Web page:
At the same time it is a way to balance and harmonize body, mind and soul. It is the science of life that interrelates every aspect of the self: physical, vital, emotional, psychic and spiritual. Because it combines different elements of the spiritual Indian tradition like postures (asanas) and breathing exercises (pranayama), it constitutes a complete and efficient system to find physical and mental wellness, while avoiding the harmful effects of invasive treatments used to heal cancer.
Since pranayama allowed me to situate myself in the present, I managed to focus my attention on complete yogic breathing. During that difficult period of my life I simply kept focused on complete inhalation and exhalation, visualizing the air entering and exiting the body to get rid of all the toxic substances that were inside it.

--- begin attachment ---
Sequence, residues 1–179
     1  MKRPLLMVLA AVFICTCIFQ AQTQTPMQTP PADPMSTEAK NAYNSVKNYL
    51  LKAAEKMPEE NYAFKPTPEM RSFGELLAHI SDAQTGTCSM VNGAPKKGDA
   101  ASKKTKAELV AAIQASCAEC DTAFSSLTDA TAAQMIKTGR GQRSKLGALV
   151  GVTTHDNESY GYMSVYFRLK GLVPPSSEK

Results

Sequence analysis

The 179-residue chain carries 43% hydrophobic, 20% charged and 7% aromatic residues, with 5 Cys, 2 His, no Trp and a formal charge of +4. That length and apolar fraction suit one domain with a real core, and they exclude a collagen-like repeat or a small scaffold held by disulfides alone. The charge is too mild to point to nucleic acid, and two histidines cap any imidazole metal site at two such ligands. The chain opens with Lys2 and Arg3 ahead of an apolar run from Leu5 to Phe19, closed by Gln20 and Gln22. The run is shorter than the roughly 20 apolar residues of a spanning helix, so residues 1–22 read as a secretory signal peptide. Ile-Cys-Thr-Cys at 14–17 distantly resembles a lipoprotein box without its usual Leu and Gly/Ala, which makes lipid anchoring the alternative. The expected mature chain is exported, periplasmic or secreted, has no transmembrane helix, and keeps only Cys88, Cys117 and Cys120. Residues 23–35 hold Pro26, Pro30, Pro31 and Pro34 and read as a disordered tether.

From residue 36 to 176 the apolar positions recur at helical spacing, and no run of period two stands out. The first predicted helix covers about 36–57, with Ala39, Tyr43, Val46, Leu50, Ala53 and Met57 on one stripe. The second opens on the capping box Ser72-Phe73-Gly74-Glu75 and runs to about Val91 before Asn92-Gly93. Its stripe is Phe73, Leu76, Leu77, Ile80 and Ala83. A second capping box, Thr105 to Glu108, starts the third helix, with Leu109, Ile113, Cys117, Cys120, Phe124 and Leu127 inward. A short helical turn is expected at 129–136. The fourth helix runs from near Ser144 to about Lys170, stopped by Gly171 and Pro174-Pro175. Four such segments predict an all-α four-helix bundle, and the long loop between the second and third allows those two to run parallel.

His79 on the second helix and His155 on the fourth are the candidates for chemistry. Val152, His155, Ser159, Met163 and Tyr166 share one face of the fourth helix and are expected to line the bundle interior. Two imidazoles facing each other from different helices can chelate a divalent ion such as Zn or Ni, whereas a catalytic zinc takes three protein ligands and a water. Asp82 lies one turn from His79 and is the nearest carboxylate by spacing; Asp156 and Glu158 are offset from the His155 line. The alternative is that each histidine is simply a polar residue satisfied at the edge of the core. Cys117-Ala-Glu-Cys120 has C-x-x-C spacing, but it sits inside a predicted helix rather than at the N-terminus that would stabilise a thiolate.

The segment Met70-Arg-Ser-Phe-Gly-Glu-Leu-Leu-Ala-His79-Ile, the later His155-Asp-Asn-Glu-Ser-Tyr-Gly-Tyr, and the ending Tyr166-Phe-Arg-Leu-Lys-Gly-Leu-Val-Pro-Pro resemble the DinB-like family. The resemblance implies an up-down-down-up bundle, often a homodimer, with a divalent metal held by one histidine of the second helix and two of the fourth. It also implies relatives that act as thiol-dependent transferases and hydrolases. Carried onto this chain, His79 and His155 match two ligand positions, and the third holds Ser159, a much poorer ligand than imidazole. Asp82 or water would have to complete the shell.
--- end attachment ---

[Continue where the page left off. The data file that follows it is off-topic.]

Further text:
My experience was very fulfilling. Due to the fact that I combined the harsh and tough radiotherapy and chemotherapy treatment with two sessions of yoga per day (everyday) I was able to determine that it is possible to cure cancer with yoga. Aside from the loss of energy that those types of treatment produce—along with physical decay, unwillingness, constant discomfort, nausea, dizziness, and excruciating pain in bones, joints and veins—with time and patience the sense of satisfaction, calmness and peace made the sense of discomfort easier to endure and easily achievable.
Through the secretion of sweat and the exhalation in every posture I manage to visualize how the chemicals injected in my body were driven out and at the same time how the oxygen obtained was cleansing my organism. I had to gear up with patience, perseverance and determination in order to reach my goal. It took me nearly three hours every morning just to get out of bed, take a cold shower to ease the sense of heaviness in my head, and then eat breakfast (without feeling hungry) to settle my stomach from the large amount of medicine that I had to ingest daily.